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When Costco demanded better rewards from its co-branded credit card, American Express waved the white flag. Image source: iStock/Thinkstock.

This article was updated on Jan, 6, 2017.

It's now clear why Costco (NASDAQ:COST) dumped American Express (NYSE:AXP) in favor of a Visa (NYSE:V) co-branded card issued by Citigroup (NYSE:C). As members of the warehouse giant now know, the rewards program on the Citigroup-backed Visa went beyond what American Express was willing to match.

You can see this by comparing the terms of the two cards. Users of the American Express TrueEarnings card earn 3% cash back on purchases of gasoline, 2% cash back on travel and restaurant expenditures, and 1% cash back on everything else.

This 3-2-1 structure has, in fact, become a popular framework for other rewards cards. Wal-Mart (NYSE:WMT) offers a case in point. Its 3-2-1 Save cash back program offers 3% back on Wal-Mart.com purchases, 2% back on purchases of fuel at Wal-Mart or Murphy USA stations, and 1% back on everything else, including purchases made at Wal-Mart stores.

It's thus no surprise that Costco's new Citigroup-backed Visa uses a similar rewards structure. The difference is that it's much more generous than its predecessor.

The Citigroup-backed Visa raises most of the reward tiers from the American Express by 1 percentage point each. Cardholders now earn 4% cash back on purchases of fuel as opposed to 3%. And instead of rewards-eligible fuel purchases being capped at $4,000 a year, the rewards continue to accrue up to $7,000 in annual gasoline expenditures.

In terms of travel and restaurant purchases, cardholders now earn 3% cash back, instead of 2% under the legacy American Express card. The 2% rewards tier under the new Visa covers all purchases made at Costco and on Costco.com. And for all other purchases, cardholders earn 1% cash back.

On top of this, as my Foolish colleague Adam Levine-Weinberg notes here, Citigroup essentially agreed to forgo card acceptance fees from purchases made at Costco. The resulting savings, says the warehouse giant, will be passed onto its members.

When you take all of this into consideration, it's obvious why American Express wasn't willing to match Citigroup's terms. American Express is a high-margin business. It's long sought out the wealthiest cardholders and supplements its fee income from processing payments with interest income from financing the underlying loans.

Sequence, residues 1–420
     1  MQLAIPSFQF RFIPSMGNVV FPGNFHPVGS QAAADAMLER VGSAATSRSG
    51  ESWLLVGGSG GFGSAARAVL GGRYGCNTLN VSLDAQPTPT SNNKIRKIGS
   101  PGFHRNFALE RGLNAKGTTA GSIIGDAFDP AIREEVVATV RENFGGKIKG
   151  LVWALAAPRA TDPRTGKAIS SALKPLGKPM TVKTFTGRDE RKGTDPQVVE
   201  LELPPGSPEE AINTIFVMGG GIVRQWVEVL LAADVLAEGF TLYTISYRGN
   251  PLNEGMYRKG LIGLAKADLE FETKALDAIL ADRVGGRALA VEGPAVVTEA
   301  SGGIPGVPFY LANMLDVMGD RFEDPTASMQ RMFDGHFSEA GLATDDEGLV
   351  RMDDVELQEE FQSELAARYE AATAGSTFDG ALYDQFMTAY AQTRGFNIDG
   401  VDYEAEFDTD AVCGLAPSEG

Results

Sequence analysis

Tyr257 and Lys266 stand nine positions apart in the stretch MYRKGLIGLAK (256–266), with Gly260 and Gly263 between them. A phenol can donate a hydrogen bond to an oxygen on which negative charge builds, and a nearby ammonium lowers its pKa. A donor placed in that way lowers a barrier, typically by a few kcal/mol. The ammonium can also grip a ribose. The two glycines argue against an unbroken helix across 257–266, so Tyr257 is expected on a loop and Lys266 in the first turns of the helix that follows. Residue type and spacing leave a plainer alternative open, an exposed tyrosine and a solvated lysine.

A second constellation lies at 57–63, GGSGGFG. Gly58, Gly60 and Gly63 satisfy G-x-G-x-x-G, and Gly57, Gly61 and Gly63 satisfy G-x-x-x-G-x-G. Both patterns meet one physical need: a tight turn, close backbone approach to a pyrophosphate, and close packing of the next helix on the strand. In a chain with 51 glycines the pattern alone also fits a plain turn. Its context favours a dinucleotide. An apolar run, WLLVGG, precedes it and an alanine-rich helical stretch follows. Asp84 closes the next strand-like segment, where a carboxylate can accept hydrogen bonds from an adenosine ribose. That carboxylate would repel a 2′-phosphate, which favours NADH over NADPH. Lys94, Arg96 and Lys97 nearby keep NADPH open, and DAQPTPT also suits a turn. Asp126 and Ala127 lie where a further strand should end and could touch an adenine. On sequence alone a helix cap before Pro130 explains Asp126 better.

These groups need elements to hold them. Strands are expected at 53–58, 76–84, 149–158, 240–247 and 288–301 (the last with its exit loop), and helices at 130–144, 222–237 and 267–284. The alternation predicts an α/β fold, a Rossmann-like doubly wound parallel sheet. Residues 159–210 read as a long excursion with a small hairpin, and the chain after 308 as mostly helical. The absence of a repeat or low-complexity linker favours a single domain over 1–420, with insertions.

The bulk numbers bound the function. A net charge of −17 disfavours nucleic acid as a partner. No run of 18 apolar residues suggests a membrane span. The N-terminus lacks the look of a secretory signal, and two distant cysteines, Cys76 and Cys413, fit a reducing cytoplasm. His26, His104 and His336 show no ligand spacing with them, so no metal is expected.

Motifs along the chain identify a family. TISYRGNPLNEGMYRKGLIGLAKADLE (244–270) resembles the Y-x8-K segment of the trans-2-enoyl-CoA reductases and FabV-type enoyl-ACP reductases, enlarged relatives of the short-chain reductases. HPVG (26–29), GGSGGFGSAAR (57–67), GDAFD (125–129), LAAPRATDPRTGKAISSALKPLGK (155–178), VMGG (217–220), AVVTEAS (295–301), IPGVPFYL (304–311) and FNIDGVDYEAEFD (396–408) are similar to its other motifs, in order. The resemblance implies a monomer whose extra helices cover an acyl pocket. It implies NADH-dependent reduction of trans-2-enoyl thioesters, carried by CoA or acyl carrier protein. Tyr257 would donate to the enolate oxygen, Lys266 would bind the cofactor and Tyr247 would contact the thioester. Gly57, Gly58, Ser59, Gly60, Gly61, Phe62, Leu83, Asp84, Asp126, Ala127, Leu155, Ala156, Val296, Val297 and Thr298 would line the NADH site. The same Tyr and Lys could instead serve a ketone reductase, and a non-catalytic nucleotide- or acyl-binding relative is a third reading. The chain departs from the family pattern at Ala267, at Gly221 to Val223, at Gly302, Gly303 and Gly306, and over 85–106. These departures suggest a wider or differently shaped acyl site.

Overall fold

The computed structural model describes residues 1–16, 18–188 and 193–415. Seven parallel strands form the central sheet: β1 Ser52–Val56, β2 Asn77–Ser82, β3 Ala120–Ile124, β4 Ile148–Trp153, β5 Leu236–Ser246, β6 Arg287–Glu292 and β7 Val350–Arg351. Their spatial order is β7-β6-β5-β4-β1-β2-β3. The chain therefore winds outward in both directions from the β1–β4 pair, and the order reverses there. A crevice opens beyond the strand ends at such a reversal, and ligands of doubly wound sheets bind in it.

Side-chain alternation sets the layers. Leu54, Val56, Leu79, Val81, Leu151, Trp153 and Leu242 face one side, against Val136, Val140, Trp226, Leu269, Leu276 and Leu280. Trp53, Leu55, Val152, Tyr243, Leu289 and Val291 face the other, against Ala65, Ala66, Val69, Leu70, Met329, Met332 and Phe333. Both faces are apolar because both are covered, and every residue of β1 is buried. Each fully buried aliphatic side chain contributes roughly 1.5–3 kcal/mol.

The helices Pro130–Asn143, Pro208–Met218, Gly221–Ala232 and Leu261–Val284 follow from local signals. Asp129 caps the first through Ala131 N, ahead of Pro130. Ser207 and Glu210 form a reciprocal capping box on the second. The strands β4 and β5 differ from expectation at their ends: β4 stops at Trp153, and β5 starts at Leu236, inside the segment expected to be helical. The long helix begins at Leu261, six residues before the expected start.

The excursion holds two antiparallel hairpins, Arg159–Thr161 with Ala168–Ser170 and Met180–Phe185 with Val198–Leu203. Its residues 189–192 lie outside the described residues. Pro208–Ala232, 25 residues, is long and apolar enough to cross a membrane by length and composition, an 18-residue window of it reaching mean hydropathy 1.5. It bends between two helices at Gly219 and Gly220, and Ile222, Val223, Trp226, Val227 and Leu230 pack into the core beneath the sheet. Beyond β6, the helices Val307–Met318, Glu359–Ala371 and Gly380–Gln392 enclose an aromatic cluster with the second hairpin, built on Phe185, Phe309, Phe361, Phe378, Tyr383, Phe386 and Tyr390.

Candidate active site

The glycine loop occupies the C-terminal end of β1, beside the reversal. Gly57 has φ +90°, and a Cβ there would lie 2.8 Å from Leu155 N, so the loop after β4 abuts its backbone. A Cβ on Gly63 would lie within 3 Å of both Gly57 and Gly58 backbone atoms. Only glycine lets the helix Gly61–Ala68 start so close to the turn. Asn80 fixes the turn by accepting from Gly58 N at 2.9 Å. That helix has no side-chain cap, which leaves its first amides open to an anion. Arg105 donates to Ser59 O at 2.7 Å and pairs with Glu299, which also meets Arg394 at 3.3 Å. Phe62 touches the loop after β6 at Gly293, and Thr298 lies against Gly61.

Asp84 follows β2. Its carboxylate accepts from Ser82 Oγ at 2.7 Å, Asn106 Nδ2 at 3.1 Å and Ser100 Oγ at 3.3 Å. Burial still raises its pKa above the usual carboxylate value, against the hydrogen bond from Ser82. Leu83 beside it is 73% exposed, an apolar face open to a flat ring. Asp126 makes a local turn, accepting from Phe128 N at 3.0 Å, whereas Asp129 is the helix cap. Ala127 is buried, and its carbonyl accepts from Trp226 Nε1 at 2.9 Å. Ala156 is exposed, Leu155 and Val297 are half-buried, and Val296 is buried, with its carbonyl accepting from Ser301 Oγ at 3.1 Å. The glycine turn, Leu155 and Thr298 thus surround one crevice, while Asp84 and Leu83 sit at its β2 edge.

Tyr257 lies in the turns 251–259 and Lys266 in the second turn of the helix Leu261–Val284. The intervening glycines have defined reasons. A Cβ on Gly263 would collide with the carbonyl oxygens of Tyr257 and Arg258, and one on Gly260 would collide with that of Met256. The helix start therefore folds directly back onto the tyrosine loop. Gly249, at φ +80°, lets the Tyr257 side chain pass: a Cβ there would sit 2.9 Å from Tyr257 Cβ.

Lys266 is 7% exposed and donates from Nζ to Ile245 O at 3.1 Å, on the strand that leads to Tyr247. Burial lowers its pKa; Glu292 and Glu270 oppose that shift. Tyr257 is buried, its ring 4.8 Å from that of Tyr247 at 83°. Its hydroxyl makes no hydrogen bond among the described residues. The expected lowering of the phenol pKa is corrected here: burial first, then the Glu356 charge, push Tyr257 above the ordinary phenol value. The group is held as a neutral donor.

Citigroup, meanwhile, is a volume business. It's long aimed to be a financial supermarket along the lines of Wal-Mart, not Whole Foods. On top of this, Citigroup is in the midst of a transformation, brought on by its missteps in the lead-up to the financial crisis. One area it's focusing on is building out its consumer credit card business in the United States. This seems to explain why the $1.8 trillion bank was willing to go so far in order to secure the Costco co-branded card.

The difference between the two models is immediately obvious when you compare their respective profitability. Over the 12 months leading up to the change, American Express generated a 24% return on equity, according to YCharts.com. Citigroup's return on equity over the same period was only 8.5%.

In sum, while American Express had a lot to lose by accepting narrower margins in its credit card business, Citigroup had everything to gain. It's for this reason that American Express CEO Kenneth Chenault said previously that the more generous terms didn't make "economic sense for us and our shareholders."

John Maxfield has no position in any stocks mentioned. The Motley Fool owns shares of and recommends Costco Wholesale and Visa. The Motley Fool recommends American Express. The Motley Fool has a disclosure policy.